A Missing Piece

Carlton Ward is a conservation photographer who got his start working in Africa between 2001 and 2004. "I was, for lack of a better description, like an embedded journalist on the front line of science and conservation," Ward says. "You had...all this science and cutting edge discovery taking place, and I had the fortune of having a camera there to record it all." 

  Anna Hamilton interviews Carlton Ward at The Gallery in St. Petersburg, FL. Photo courtesy of Alexandra Jane Photography.

Anna Hamilton interviews Carlton Ward at The Gallery in St. Petersburg, FL. Photo courtesy of Alexandra Jane Photography.

But something was happening to Florida during Ward's time abroad. "I later learned Florida was losing 200,000 acres of agricultural and natural land to development every single year," Ward says. "I [didn't] feel that the heritage and wild places that were being lost were being adequately celebrated...It was an introspective moment where, here I am, a young privileged man from Florida running off to try and promote conservation in central and west Africa, whereas every time I get on a plane and go away a piece of Florida goes missing. So that was kind of the draw home."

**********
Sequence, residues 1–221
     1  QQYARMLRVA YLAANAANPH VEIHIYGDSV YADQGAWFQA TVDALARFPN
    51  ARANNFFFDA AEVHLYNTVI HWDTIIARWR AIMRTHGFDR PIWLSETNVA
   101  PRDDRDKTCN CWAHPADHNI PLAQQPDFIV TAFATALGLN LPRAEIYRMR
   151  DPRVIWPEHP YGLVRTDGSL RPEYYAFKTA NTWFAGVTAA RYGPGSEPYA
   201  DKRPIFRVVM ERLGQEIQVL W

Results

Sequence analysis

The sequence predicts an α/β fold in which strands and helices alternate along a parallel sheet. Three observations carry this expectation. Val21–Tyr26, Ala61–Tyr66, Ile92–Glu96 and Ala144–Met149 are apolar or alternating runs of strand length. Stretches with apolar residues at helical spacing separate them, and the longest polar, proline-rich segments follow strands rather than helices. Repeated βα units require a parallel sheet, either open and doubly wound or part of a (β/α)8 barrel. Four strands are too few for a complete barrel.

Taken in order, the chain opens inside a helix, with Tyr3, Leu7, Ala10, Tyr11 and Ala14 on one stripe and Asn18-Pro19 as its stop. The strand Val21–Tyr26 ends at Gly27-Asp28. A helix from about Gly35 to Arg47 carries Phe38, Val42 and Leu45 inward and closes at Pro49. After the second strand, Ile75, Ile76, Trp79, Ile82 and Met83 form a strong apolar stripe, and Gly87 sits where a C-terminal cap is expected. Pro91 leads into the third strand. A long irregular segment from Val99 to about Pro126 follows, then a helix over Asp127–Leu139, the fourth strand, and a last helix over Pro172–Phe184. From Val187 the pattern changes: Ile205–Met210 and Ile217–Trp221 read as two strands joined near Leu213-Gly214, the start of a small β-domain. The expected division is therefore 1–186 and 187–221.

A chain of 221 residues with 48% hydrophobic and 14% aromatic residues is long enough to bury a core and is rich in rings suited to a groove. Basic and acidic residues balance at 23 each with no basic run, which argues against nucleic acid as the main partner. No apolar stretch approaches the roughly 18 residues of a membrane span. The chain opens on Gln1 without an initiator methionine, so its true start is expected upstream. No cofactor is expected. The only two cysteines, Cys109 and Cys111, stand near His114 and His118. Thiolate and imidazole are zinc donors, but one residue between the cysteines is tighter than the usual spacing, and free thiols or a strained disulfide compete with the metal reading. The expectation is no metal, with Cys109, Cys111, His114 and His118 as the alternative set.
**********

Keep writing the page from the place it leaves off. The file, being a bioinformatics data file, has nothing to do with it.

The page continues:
If you’re a Floridian, you may be familiar with Ward's work. His name has become synonymous with images of wild Florida and Florida cowboys, which he has called an emblem of our state. Follow Ward's journey with the Florida Wildlife Corridor Expedition team as they begin their second trek (#GladestoGulf) on January 10, 2015.

I think it I weren’t inherently an optimist I couldn’t be doing this. I’m not someone who dwells on the negative in an opportunity. I’m always looking for that sliver of hope or the common ground.
— Carlton Ward

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